Home & style interview: Darryl Carter
With a recently published book and a stunning new collection of furniture for Thomasville, Darryl Carter is the man who's making everything old feel new again. His look, aptly dubbed The New Traditional, rejects "here today, gone tomorrow" trends in favour of timeless antique treasures cocooned in a crisp, neutral envelope. It's a look that's fresh, cosy and inviting. We sat down with the designer to talk decor.
STYLE AT HOME How do you keep traditional from feeling stale and stuffy?
DARRYL CARTER My clients are often disparate in that one may be predisposed to the modern and his or her spouse to the traditional. There tends to be a presumption that there’s no nexus between the two styles, but I think they marry beautifully. Everything has evolved from something before, and even the most modern forms have a connection to the past, so these forms can work together rather logically. I generally make a space feel more modern by having a very neutral envelope, and then taking classic furniture pieces and executing them in unexpected textiles. If you take a classic camelback sofa, for instance, and cover it in a neutral linen, suddenly the piece takes on a modern sensibility because you're seeing the architecture of the piece rather than the textile.
S@H Are we too hung up on perfection when decorating?
DC Yes, we should avoid that. I'm about living in my environment, and that’s something I honour with my clients. I aim to understand their lifestyle -- the way my clients actually live in their home instead of the way they "ought" to live there. If you’re not someone who routinely entertains large groups, I'd advocate lining the dining room with bookshelves and bringing in a collapsible table so the space becomes more usable as a reading room, rather than maintaining its status as a dining room at all times. Just convert it for the lesser use on special occasions. I think people tend to do the reverse.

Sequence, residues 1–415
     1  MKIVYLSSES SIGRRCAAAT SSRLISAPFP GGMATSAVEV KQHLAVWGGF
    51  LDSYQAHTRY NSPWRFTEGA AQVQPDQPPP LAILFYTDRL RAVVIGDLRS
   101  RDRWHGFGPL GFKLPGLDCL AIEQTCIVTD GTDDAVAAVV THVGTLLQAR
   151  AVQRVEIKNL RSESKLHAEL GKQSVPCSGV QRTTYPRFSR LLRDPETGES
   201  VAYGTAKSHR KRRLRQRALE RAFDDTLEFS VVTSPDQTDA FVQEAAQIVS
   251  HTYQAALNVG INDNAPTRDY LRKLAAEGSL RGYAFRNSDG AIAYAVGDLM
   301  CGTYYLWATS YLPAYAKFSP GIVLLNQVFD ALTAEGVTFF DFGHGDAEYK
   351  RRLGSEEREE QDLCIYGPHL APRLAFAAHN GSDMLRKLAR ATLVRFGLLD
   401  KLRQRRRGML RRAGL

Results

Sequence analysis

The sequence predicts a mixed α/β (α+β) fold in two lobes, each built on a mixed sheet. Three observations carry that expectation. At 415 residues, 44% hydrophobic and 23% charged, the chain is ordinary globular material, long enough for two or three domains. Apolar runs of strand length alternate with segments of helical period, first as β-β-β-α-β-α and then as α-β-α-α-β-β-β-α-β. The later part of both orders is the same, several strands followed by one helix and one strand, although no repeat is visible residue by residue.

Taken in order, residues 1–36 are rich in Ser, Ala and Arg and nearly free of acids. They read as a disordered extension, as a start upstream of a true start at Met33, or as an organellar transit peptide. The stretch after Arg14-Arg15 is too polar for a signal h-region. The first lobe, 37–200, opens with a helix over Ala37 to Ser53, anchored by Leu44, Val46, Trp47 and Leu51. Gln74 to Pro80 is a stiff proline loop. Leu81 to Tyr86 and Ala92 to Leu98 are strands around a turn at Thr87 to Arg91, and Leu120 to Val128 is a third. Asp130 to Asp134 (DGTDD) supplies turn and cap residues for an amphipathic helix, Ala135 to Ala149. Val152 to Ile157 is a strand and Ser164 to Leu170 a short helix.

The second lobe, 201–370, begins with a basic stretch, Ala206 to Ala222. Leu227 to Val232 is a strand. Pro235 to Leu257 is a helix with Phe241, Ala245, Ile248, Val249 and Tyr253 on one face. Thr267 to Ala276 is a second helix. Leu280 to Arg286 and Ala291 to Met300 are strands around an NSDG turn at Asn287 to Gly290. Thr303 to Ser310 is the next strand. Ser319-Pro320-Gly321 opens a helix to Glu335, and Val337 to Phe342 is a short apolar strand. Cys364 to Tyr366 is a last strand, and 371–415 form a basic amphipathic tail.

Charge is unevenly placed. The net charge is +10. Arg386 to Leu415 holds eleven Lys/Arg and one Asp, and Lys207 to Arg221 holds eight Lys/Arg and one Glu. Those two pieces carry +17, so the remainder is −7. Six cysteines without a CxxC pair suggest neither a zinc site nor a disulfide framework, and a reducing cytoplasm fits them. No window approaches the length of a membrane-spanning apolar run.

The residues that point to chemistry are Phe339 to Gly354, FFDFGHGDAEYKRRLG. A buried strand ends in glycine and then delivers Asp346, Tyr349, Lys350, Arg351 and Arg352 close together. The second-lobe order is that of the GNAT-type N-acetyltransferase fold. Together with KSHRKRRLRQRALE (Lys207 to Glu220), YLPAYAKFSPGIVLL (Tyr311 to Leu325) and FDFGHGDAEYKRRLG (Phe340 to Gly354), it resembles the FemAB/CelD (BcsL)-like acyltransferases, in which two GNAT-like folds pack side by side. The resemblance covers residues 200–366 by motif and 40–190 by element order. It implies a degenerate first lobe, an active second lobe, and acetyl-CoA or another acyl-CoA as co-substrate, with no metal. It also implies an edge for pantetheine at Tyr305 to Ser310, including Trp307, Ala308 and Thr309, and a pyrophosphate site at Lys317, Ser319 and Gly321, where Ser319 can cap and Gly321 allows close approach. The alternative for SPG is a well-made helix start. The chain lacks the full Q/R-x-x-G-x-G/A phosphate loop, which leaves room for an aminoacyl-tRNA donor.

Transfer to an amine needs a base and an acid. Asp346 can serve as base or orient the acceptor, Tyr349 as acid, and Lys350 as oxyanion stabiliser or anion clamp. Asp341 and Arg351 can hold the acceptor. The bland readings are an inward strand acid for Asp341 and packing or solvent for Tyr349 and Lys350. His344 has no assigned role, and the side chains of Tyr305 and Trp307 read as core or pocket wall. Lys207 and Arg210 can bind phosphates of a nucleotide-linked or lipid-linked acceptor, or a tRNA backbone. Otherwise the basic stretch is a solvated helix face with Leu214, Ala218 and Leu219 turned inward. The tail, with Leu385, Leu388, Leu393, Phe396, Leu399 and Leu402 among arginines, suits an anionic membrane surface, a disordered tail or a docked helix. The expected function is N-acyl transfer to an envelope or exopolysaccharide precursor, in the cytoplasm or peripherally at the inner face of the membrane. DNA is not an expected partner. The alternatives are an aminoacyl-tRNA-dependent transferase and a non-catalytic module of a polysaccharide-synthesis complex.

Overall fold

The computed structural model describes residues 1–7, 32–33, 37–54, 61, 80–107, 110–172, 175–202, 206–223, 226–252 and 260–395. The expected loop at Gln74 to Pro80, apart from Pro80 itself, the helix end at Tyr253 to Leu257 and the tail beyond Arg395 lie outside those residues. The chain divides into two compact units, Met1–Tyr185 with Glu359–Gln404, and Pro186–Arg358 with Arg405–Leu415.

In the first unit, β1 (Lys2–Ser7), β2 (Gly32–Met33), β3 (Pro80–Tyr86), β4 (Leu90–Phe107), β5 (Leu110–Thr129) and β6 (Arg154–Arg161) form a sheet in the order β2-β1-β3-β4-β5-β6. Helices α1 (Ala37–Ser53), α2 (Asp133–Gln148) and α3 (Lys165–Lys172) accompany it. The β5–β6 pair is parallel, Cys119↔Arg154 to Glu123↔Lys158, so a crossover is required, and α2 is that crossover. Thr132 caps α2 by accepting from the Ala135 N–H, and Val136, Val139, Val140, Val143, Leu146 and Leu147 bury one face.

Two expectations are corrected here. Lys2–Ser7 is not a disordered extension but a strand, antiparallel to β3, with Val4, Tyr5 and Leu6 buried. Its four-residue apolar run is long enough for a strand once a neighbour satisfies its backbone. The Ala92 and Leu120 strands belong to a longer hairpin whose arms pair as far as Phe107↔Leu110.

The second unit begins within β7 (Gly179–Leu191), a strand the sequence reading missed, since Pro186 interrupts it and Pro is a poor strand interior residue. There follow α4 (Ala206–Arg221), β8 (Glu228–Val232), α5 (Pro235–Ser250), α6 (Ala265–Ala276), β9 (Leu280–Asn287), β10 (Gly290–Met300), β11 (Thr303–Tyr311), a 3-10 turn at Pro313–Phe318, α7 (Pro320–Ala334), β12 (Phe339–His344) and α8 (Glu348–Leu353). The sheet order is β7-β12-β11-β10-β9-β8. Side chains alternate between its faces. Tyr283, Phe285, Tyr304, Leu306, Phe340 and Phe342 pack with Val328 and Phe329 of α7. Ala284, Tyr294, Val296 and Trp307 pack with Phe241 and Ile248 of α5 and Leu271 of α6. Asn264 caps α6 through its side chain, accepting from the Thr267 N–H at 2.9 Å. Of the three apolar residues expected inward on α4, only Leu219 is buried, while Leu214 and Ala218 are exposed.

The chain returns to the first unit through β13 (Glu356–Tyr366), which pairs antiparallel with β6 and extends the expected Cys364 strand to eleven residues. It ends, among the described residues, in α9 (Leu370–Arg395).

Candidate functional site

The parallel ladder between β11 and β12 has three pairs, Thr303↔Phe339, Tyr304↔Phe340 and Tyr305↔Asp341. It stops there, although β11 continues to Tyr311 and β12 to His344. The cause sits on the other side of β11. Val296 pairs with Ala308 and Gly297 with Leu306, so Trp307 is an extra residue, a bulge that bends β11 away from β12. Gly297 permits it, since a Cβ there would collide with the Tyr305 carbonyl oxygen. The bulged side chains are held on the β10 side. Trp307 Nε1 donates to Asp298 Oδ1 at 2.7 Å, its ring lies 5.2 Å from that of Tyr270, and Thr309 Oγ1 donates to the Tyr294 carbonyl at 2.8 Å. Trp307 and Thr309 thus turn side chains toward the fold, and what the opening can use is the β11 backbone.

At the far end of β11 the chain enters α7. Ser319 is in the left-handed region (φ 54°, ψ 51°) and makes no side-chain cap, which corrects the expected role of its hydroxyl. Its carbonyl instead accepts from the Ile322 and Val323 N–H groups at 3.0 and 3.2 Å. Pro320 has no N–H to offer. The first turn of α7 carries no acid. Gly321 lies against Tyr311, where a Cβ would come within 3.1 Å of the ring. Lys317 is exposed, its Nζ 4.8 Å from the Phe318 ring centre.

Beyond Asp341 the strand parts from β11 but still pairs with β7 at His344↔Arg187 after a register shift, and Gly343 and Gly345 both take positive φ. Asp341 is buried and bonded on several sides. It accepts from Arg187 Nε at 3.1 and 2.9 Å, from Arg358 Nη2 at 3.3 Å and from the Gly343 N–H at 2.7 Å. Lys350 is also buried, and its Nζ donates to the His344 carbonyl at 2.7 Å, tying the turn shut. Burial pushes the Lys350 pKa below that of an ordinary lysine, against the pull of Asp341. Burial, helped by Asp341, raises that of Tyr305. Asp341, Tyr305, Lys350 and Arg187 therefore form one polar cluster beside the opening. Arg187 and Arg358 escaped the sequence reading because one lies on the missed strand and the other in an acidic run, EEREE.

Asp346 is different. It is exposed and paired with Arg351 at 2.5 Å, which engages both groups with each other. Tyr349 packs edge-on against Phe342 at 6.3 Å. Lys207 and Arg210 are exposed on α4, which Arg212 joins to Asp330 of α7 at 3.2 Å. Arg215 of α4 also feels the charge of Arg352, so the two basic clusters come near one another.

S@H Getting the right white seems to be key to your designs. How do you do it?
DC It's trickier than one might imagine. White is very much a colour, and it can take on a multitude of casts. Finding a true neutral is a challenge, but I think Benjamin Moore’s Moonlight White OC-125 works well with most palettes.
S@H You always manage to source such stunning antiques that really define your rooms. What's your advice for novice antique hunters?
DC Look for what lies beneath and keep an open mind. I'm driven by geometry and form. Some of the most beautiful furniture pieces I've bought have been buried under terrible 1960s fabric. You can find beautiful objects in the least likely places, and then marry them with refined furniture, fabrics or upholstery, and that's the essence of my furniture collection for Thomasville -- they’re "collected." The pieces aren't intended to match, though they all go beautifully together. This collected look is what gives interest to a house, especially since so many environments today look like hotel rooms. I'm not sure why people wouldn't want to have more variety in the home. I hope that in 2009, people will become more comfortable mixing things up and also be more confident in their eye.
S@H Every piece in the new furniture collection looks like a treasured antique.
DC Nearly all are inspired at least in part by an antique. If the inspiration piece was highly carved or had a lot of detail, I pared that down to make a piece that's a little more modern. The Wesex chair -- one of my favourites in the collection -- is inspired by a wing chair I bought years ago. My version is smaller in scale because the intention is that it's a wing chair with some dexterity -- it doesn't overwhelm. It can go at the head of a dining table, partner with a desk, or sit on its own in an alcove. All my Thomasville pieces are comfortable, but relatively diminutive and graceful in scale, working well in both small and large environments.